--preserve-merges flag simply tells
git-rebase to try to recreate merge commits instead of ignoring them. It does not give
git rebase the ability to remember how merge conflicts were resolved, i.e. it does not record conflict resolutions for future use. What you want to use for that is
In your toy example, the conflict arising during the rebase is exactly the same as the one you resolved during the preceding merge. If you had activated
rerere before the merge, you wouldn't have had to resolve that conflict again during the rebase.
If you anticipate that you will merge, then rebase a branch, you should activate
rerere so that, in the future, you only need to resolve a given merge conflict once, not multiple times.
Let's break down your toy example.
echo Hello > Hello.txt
git add Hello.txt
git commit -m "Create Hello.txt (commit A)"
git tag start
echo World! >> Hello.txt
git commit -am "Change to Hello World (commit B)"
git checkout start
git checkout -b branch
echo Dave >> Hello.txt
git commit -am "Change to Hello Dave (commit C)"
So far, so good. Right before your first
git merge command, your repo looks like this:
In commit A,
In commit B,
And in commit C,
Now, when you try to merge
branch by running
git merge master
Git reports a merge conflict because it has no way of figuring out, on its own, whether the contents of
Hello.txt after the merge should be
or something else...
You resolve that conflict by overwriting the contents of
Hello World, Dave!, staging your changes, and completing the merge commit.
echo "Hello World, Dave!" > Hello.txt
git add Hello.txt
git commit -m "Merge branch master into branch (commit D)"
Your repo now looks like this:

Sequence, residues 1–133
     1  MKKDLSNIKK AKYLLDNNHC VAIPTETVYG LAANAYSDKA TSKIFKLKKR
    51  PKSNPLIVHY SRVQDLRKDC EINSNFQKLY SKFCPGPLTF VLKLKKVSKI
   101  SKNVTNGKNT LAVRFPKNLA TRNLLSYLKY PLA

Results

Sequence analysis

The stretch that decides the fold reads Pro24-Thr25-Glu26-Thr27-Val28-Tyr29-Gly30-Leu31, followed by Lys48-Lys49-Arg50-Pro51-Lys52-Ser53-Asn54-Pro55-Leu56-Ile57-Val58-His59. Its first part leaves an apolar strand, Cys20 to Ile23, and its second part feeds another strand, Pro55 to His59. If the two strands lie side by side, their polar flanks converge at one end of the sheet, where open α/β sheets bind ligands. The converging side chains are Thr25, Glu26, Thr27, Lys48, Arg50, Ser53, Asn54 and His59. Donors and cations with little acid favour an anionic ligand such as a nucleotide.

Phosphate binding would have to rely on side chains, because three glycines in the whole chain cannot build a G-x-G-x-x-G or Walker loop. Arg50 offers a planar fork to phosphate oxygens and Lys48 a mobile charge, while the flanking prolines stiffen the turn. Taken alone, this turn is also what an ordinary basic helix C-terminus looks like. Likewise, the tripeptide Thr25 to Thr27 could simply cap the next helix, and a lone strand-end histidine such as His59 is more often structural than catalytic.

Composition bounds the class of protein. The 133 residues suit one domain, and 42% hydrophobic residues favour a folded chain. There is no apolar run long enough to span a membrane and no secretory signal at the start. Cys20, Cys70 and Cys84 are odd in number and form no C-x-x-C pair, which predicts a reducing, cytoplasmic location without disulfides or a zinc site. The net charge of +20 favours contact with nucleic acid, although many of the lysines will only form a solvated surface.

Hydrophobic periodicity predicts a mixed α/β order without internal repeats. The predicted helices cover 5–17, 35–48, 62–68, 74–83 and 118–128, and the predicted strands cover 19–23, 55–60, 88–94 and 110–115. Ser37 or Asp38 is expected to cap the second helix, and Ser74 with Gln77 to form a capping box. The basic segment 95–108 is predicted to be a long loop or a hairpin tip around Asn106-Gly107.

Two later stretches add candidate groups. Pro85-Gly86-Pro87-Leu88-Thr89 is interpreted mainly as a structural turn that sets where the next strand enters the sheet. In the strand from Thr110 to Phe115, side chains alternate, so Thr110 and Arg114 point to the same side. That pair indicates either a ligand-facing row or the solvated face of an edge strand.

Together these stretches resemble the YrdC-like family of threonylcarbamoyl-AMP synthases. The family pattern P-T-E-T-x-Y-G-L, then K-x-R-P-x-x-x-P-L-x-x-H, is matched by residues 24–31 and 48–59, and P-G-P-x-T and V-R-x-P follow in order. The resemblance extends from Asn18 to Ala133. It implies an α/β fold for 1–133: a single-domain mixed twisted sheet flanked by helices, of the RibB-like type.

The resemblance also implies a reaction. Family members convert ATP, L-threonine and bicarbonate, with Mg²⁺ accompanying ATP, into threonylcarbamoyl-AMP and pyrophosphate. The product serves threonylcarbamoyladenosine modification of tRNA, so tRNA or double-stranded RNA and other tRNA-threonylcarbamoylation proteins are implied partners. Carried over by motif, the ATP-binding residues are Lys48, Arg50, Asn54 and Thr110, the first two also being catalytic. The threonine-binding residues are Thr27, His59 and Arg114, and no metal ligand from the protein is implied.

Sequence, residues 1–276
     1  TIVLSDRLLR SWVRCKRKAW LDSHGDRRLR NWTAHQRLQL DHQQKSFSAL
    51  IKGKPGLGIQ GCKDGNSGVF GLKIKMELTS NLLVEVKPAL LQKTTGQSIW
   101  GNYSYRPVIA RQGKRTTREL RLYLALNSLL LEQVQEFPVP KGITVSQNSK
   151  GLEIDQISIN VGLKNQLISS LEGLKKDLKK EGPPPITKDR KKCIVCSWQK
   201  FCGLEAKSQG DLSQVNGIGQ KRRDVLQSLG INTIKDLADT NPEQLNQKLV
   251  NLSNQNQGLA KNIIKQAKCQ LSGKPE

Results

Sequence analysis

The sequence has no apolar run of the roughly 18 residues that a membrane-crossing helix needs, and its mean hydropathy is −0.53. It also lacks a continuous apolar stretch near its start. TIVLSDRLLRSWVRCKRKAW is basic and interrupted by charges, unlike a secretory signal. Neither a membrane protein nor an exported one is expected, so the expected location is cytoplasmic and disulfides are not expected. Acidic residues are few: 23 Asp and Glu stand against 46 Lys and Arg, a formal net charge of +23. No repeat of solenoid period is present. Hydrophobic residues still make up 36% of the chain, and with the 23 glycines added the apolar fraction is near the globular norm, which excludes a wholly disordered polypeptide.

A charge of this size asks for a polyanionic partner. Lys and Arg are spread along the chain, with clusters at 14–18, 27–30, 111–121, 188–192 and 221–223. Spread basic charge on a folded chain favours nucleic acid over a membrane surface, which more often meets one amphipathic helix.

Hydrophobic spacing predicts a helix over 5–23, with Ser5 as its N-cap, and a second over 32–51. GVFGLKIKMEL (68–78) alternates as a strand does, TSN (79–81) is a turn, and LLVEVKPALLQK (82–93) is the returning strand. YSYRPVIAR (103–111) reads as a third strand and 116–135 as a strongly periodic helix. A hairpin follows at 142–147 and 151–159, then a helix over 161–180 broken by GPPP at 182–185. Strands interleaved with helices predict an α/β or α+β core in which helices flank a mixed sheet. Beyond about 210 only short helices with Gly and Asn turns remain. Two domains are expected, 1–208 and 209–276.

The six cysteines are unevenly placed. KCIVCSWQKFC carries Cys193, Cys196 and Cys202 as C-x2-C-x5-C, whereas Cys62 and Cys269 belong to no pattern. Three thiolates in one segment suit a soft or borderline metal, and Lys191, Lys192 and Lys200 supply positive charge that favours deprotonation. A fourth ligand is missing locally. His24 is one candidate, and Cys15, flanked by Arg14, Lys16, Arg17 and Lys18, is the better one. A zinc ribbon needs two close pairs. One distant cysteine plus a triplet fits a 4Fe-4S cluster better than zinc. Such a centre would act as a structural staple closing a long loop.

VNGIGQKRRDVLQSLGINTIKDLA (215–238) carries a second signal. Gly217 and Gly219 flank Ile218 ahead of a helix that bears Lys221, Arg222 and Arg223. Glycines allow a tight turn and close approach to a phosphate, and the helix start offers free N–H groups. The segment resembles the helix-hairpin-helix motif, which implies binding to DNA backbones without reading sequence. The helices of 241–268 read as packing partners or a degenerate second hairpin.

Then you run
git checkout start
git checkout -b goodbye-branch
echo Goodbye > Goodbye.txt
git add Goodbye.txt
git commit -m "Add Goodbye.txt (commit E)"
At that stage, your repo looks as follows:
Now you run
git checkout branch
git rebase -p goodbye-branch
but experience a conflict. Before explaining why this conflict arises, let's look at what your repo would look like if that
git-rebase operation were successful (i.e. conflict free):
Now let's see why you run into the same conflict in
Hello.txt as during your first merge;
Goodbye.txt is not problematic in any way, here. A rebase can actually be decomposed in a sequence of more elementary operations (
cherry-picks); more on this at http://think-like-a-git.net/sections/rebase-from-the-ground-up.html.
Long story short... In the middle of your
git rebase operation, your repo will look as follows:
The situation is very similar to that right before your first merge:
in commit B',
And in commit C',
Then Git attempts to create merge B' and C', but a merge conflict arises for the exact same reason as the first merge conflict you experienced: Git has no way of figuring out whether the
Dave line should go before or after the
World! line. Therefore, the rebase operation grinds to a halt, and Git asks you to resolve that merge conflict before it can complete the rebase.
What you can do about it: use
rerere is your friend, here.
The name stands for "reuse recorded resolution" and as the name implies, it allows you to ask Git to remember how you've resolved a hunk conflict so that the next time it sees the same conflict, Git can automatically resolve it for you.
[...] if you want to take a branch that you merged and fixed a bunch of conflicts and then decide to rebase it instead - you likely won't have to do all the same conflicts again.
rerere had been enabled,
git config --global rerere.enabled true
before the merge, then Git would have recorded how you resolved the merge conflict when creating commit D, and would have applied the same resolution when it encountered the same conflict during the subsequent rebase. The conflict would still have interrupted the rebase operation, but it would have been resolved automatically. All you would have had to do is
git rebase --continue.
However, it looks like
rerere wasn't already activated before the merge, which means Git must have kept no record of how you resolved the conflict the first time. At this stage, you can either activate
rerere now and resolve all those same conflicts manually again, or use the
rerere-train.sh script (see also this blog post) to use the existing history to pre-seed the